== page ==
I'm so glad to receive Antithesis. It is one of the few publications that I try to read through and through. The articles are both thought provoking and enlightening. Thanks for the hard work. God bless you.
I am very impressed with the scholarship shown throughout all the articles. The Church needs this kind of Biblical instruction and admonition. Thank you for the efforts put forth in this much needed ministry.
Thank you for the sample copy of your debut issue of Antithesis. This is the magazine that I and many other Reformed pastors have been waiting for -- one that specializes in the Van Til perspective. This promises to be a very fine publication and is sorely needed.
Rev. John Heaton
Great publication! It reaffirms my position that our side is doing the serious thinking!
J. Robert Brame III
Thank you for the complimentary first issue of Antithesis. Some of the articles have been of value to me in my attempts to provide a defense of the faith in a secular academic environment. I am pleased with what I have seen.
Daniel J. de Vries
With respect to Mr. Greg Bahnsen's article in your first issue ("Church Government Briefly Considered" Vol. I, No. 1), I must reply to his description of the Episcopal form of government.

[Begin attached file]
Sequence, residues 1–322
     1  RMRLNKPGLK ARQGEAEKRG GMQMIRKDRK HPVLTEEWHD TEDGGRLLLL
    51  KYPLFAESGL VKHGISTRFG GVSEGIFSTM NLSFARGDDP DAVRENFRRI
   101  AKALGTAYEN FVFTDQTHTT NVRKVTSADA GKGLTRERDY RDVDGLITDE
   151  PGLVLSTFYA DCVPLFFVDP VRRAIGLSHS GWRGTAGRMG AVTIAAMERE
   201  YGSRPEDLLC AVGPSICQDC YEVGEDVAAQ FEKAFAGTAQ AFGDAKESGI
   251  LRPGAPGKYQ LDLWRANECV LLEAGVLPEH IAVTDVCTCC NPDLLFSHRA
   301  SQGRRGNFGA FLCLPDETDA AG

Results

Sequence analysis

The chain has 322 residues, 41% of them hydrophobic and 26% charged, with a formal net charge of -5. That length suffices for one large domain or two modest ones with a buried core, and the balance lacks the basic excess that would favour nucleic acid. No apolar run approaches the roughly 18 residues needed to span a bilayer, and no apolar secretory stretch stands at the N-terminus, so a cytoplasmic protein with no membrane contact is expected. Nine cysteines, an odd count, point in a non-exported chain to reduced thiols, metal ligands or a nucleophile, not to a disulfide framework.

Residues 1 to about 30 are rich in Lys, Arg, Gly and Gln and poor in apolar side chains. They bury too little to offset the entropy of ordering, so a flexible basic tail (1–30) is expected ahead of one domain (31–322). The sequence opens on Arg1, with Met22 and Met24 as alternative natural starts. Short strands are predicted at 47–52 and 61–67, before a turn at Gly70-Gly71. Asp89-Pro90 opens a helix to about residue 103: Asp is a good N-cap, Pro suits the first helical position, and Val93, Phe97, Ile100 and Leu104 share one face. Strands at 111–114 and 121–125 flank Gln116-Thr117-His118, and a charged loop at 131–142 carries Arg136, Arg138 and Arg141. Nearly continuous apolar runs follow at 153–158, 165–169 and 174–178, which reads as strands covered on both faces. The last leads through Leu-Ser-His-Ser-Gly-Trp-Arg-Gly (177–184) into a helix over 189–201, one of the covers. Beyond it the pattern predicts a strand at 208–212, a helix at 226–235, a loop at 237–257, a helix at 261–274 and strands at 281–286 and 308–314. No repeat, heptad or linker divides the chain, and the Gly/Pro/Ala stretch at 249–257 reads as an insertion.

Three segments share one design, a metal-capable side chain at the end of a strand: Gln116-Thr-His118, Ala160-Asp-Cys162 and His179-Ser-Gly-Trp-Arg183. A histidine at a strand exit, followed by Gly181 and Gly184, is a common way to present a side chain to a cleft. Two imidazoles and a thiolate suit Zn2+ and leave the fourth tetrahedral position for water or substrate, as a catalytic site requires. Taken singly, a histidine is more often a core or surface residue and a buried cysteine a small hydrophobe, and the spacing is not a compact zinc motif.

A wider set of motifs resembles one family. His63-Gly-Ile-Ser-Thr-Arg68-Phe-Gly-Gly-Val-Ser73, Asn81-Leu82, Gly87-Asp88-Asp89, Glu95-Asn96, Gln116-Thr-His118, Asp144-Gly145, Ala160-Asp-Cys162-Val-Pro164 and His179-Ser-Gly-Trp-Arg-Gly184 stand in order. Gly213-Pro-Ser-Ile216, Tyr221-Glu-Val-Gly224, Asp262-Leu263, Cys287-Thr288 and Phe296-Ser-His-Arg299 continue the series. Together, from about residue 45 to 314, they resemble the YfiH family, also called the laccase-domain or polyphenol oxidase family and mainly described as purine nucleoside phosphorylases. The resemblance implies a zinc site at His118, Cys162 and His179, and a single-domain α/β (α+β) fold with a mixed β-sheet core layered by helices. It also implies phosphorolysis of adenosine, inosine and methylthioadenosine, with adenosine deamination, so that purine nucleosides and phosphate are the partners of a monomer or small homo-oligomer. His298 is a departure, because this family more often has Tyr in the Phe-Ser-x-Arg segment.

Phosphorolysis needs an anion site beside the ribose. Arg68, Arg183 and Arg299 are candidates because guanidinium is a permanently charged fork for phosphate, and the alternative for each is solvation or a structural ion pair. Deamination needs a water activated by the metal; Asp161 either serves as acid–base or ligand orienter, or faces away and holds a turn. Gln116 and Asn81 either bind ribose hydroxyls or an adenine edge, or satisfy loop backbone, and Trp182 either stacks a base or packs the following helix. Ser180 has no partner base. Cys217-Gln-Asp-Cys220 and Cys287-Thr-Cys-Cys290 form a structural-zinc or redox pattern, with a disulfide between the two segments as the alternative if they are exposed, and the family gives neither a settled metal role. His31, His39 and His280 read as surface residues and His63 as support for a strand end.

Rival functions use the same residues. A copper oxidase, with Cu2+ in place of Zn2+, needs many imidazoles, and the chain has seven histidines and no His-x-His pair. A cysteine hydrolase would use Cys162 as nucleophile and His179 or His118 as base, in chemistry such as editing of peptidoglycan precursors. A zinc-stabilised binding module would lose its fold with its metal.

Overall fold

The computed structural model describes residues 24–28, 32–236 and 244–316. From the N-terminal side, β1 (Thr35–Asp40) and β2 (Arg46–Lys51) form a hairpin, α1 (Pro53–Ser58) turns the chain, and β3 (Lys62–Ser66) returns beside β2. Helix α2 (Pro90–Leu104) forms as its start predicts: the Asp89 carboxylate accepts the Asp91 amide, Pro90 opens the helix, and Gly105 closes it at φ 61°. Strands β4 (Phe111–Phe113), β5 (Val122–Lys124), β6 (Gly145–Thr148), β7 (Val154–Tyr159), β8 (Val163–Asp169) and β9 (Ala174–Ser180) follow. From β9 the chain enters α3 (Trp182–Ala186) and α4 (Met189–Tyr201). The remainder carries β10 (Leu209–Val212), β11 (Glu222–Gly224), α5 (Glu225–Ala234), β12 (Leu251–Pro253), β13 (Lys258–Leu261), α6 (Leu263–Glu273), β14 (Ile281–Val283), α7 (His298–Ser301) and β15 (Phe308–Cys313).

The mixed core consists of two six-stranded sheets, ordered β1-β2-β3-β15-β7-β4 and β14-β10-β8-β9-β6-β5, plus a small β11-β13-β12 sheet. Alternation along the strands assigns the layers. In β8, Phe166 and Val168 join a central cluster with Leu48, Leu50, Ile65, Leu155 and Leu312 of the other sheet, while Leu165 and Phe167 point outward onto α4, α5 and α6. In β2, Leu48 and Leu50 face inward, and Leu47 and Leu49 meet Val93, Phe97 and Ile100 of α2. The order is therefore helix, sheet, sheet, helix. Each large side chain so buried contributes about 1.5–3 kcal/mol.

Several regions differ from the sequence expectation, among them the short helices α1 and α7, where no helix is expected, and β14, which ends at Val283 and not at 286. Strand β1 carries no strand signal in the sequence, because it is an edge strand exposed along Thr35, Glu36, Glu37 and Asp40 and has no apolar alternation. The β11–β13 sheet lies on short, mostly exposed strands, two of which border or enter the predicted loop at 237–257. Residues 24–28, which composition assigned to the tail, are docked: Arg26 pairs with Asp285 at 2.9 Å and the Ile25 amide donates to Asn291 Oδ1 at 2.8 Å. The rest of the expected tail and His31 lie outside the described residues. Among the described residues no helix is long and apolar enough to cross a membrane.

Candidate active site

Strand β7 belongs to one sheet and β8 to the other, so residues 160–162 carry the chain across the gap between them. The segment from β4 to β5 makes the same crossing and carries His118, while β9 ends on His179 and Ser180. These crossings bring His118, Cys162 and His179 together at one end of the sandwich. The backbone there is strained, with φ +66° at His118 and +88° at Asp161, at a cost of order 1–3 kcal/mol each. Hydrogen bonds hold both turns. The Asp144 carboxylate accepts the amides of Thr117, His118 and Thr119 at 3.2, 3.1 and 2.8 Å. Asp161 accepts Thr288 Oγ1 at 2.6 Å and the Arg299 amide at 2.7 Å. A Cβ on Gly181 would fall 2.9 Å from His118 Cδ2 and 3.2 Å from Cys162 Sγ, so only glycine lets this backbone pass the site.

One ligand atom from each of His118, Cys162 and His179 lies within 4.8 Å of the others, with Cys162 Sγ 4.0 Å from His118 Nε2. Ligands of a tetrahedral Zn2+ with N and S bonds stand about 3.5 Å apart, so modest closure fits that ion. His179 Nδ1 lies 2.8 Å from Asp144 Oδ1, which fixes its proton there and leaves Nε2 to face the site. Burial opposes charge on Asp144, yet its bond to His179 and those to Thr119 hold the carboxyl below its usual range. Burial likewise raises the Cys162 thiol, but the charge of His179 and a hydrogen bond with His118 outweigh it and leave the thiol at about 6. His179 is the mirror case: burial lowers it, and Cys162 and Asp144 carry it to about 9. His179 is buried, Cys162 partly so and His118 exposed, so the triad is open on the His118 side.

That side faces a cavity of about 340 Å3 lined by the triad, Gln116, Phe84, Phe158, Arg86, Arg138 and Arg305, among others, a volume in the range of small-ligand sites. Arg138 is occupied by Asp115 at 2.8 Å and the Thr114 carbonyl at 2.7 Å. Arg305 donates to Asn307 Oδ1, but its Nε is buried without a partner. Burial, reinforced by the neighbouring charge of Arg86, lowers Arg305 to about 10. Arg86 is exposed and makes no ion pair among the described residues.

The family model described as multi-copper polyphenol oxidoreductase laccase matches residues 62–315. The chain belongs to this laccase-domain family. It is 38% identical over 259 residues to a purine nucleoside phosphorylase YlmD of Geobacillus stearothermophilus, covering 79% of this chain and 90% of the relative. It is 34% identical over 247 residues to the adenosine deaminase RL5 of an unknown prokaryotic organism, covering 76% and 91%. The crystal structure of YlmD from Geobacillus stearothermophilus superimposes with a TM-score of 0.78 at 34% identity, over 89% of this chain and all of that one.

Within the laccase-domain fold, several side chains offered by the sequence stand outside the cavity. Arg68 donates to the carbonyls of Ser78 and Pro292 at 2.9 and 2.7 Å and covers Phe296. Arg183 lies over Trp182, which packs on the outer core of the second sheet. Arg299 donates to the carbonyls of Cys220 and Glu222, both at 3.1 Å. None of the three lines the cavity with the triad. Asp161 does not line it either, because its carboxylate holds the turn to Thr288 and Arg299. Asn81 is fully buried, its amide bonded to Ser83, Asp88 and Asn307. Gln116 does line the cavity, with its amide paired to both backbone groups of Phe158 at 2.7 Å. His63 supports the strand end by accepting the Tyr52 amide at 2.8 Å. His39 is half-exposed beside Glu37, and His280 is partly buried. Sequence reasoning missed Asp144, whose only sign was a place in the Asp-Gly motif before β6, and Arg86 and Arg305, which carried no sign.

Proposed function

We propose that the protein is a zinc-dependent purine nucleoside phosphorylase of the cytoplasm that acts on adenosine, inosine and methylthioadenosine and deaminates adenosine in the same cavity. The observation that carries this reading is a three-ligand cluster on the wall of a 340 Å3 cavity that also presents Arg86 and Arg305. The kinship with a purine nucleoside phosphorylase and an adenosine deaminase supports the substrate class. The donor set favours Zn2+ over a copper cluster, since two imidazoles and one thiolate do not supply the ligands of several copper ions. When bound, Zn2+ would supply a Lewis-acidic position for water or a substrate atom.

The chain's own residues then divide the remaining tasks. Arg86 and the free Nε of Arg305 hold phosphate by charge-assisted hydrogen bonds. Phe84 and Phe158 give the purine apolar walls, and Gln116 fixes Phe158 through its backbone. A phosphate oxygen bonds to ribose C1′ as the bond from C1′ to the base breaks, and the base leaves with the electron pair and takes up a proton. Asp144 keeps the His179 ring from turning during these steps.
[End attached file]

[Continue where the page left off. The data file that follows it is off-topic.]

First, he describes Episcopalianism as "the rule of the church by monarchial bishops." The word "monarchial" is less than accurate. At least in the American Episcopal church, local congregations exercise a degree of autonomy. While the priest is answerable to the Bishop, the congregation is not bound to obey directions from the Bishop. The local vestry, or church board, makes most of the decisions for the congregation.
Next, he says the Bishop "need not be chosen by the people to be their leader, but can be appointed by a higher agency." This is entirely incorrect. When a bishop is to be chosen, a meeting composed of priests and laypeople, representing the parishes in their diocese, meet and elect a new Bishop. As for the "higher agency," there is no agency higher than the Bishop (except, of course, God, but I know that's not what he meant).
He then says that "authority thus rests in the one human priest at the top (a pope or archbishop)." Wrong again. In the American Episcopal church, there is neither pope nor archbishop. There is, however, a Presiding Bishop. But his role is mainly pastoral. He can neither appoint nor dismiss bishops or priests.
Bishops can be removed, but only by other Bishops meeting as the House of Bishops. And this removal process involves laypeople.
Normally, Mr. Bahnsen is very careful in his research. He really blew it in this article. May I suggest he contact an Episcopalian next time he feels moved to make such comments.
Chula Vista, CA